Strengthening hands, knowledge through sign language


Akansha Singh

The alphabet and the phrases “love” and “USA” in American Sign Language (ASL) are displayed on a carpet in CHS ASL teacher Delosha Payne’s classroom. The ASL alphabet is the basis of the language.

Pramika Kadari, Copy Editor


Last December, I met my first Deaf* friend, The Sidekick editorial page editor Claire Clements. When she first explained she was deaf, I immediately said, “That’s so cool!”


Everyone laughed, and she said that was the first time she had heard that response. For years, I have been in love with Deaf culture. This summer, I used that love to begin self-learning American Sign Language (ASL).


My interest was sparked by Freeform’s “Switched at Birth”, a TV drama featuring many deaf characters. The various cultural aspects of deafness in the show intrigued me — the Deaf school, the lip reading, the references to Gallaudet’s historical Deaf protest and of course, the language.


At first, I was not sure of the most effective way of learning. I tried several different apps and free online courses, and finally settled on, since it is the same one used by Coppell High School’s ASL classes. Now, I am over halfway through the ASL I course.


Immersing yourself in a multitude of cultures is important because it helps you deeply appreciate others’ beliefs and helps you understand why people are the way they are. Learning the language is a step of that immersion.


“If you’re able to learn the language, then I think that’s a personal way for you to show someone ‘Hey, I’m interested in you, I’m interested in your culture, I’m interested in something that makes you who you are,’” Coppell High School ASL teacher Delosha Payne said.


Educating yourself about Deaf culture is valuable because rids you of the misconceptions society has about deaf people. Also, since so many deaf people have been mistreated by hearing people sometime in their life, it is important they receive support from anyone they possibly can.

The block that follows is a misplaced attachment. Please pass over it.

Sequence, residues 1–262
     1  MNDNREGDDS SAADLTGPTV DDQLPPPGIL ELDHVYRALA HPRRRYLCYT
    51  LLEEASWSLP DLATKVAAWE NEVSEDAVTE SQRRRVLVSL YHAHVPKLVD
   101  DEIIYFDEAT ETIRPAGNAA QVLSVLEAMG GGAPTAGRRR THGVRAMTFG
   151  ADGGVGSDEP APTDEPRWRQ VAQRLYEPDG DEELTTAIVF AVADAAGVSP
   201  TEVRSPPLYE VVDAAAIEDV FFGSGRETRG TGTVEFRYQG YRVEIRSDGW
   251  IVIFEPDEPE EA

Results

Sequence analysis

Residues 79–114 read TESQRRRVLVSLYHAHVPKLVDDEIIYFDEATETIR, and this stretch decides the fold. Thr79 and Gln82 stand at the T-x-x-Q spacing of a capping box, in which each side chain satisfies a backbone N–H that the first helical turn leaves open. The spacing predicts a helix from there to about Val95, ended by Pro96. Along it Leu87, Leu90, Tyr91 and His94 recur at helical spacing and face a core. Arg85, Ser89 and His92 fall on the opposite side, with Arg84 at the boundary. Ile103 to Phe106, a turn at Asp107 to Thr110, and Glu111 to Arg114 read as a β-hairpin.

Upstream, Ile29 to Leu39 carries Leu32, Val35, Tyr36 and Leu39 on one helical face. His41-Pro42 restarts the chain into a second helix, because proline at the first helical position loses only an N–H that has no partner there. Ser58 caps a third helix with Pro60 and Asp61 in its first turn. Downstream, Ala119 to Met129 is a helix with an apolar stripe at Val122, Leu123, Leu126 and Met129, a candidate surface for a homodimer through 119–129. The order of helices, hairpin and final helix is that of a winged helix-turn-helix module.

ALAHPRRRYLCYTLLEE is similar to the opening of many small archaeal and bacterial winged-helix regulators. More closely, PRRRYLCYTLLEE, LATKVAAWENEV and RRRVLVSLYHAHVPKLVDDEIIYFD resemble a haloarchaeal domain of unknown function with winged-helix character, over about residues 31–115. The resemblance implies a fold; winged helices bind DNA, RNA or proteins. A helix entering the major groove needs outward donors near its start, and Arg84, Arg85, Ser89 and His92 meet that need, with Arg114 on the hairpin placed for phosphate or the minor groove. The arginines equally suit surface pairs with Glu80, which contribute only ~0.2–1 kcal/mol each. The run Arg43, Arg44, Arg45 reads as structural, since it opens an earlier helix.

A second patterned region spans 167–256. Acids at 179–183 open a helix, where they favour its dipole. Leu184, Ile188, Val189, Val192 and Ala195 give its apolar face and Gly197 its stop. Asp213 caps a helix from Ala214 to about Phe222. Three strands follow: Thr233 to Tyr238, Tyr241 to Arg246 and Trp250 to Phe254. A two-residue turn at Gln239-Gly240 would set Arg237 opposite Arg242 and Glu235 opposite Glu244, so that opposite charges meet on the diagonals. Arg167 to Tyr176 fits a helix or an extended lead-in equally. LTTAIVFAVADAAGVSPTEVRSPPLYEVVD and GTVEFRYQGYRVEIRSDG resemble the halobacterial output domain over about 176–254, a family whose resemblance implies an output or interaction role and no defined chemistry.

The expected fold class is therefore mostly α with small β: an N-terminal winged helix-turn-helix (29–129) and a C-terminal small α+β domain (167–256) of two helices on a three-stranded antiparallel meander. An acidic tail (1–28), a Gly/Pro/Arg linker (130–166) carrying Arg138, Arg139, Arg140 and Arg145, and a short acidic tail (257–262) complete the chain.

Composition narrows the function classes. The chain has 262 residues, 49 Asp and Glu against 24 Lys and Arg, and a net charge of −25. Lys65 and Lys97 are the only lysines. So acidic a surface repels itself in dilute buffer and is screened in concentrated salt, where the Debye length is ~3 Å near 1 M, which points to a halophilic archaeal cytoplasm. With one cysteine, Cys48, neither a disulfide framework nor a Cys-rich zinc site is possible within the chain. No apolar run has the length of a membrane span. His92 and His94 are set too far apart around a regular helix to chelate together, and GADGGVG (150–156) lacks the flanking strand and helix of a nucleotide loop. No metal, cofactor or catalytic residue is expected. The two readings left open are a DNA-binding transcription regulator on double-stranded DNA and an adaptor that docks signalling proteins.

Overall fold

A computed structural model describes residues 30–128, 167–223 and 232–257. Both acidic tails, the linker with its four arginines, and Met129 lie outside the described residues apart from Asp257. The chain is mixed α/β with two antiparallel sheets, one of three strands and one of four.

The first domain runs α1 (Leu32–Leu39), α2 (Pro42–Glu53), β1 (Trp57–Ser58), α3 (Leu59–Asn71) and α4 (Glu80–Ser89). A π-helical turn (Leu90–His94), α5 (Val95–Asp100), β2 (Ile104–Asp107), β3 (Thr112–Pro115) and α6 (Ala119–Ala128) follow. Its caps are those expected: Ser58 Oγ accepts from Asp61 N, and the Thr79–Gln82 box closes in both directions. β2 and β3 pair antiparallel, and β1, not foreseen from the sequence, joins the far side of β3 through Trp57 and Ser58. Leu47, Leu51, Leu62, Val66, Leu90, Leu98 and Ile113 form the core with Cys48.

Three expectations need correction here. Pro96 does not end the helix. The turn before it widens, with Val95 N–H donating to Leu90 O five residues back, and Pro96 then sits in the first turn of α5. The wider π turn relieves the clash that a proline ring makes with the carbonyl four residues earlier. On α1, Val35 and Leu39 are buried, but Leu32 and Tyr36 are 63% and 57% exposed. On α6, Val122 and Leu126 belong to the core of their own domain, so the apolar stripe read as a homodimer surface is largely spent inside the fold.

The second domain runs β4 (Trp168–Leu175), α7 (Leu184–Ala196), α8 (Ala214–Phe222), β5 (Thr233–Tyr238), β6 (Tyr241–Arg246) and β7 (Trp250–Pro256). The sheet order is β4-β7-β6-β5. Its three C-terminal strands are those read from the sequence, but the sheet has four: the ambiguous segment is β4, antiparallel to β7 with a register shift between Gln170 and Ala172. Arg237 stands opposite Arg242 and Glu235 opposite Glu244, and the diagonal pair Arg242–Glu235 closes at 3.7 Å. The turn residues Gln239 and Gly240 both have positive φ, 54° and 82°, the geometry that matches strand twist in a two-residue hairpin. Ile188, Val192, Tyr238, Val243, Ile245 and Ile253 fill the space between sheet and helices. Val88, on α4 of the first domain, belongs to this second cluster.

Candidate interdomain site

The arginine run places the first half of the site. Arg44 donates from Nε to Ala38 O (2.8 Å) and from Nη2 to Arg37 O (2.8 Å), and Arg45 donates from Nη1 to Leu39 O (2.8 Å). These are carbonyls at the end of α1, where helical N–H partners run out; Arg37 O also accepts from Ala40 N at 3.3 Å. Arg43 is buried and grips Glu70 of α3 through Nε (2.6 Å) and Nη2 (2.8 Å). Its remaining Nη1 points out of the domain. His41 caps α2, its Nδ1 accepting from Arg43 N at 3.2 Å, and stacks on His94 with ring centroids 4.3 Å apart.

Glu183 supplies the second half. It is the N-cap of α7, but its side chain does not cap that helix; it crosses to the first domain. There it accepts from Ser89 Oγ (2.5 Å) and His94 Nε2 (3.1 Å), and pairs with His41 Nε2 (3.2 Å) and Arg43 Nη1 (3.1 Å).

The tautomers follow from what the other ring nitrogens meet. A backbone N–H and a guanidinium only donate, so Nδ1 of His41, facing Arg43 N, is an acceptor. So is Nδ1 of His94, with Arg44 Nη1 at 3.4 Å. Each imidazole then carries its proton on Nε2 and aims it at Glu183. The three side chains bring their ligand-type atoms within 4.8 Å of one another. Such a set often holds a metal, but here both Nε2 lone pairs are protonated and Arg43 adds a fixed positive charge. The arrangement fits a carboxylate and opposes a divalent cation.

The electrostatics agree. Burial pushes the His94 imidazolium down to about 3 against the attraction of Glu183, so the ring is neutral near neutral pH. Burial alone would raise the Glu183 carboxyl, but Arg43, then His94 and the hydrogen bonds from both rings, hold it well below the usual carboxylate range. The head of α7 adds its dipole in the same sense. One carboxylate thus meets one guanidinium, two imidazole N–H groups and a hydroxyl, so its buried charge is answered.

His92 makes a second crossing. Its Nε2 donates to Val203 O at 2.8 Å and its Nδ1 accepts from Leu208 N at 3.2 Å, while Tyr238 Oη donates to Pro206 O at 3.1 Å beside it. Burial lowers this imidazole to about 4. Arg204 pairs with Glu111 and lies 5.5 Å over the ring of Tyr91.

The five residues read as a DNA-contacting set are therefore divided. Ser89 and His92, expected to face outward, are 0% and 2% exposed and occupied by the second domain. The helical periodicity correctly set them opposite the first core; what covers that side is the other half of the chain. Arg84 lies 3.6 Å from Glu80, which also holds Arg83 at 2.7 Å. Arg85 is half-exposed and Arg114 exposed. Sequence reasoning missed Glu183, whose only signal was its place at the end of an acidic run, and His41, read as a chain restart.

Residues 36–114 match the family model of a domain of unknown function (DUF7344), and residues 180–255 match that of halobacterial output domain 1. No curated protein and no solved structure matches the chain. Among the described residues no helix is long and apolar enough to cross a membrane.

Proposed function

“I like teaching ASL because I get to teach kids that being deaf doesn’t make you handicapped, it just means you communicate differently, and with that I can also teach that being different doesn’t make anybody lesser than someone else,” Payne said.


Often, when Clements is helping me practice signs , I receive several stares from strangers. This may happen when you communicate through any foreign language in a public space, but ASL is a particularly strong victim of judgment because of how different and noticeable it is.


ASL is a powerful language, as so much can be conveyed simply by the expression on one’s face. For me, facial expressions are the hardest aspect of the language, but teaching myself to sign has forced me to be more expressive. Furthermore, the act of signing is very empowering. Whenever I sign crisply and accurately, I feel strong and satisfied.


You can practice signing anywhere, which I love. When you are in the car, look out the window and finger-spell the names of objects you see. When you are talking to your friends, sign the ASL words that go along with the English you are speaking.


It is fascinating when two people introduce themselves as being part of the Deaf community, as they become instant friends. The community is not exclusive to deaf people, as those with Deaf friends and family often consider themselves part of it as well.


“You just have to be someone that’s interested in the interests of the Deaf community,” Payne said. “You have to be willing to partake in the language, partake in hanging out with Deaf people, and being an advocate for people that are deaf.”


*Deaf is capitalized because Deaf represents the culture of the Deaf community, whereas deaf in lowercase represents the medical loss of hearing.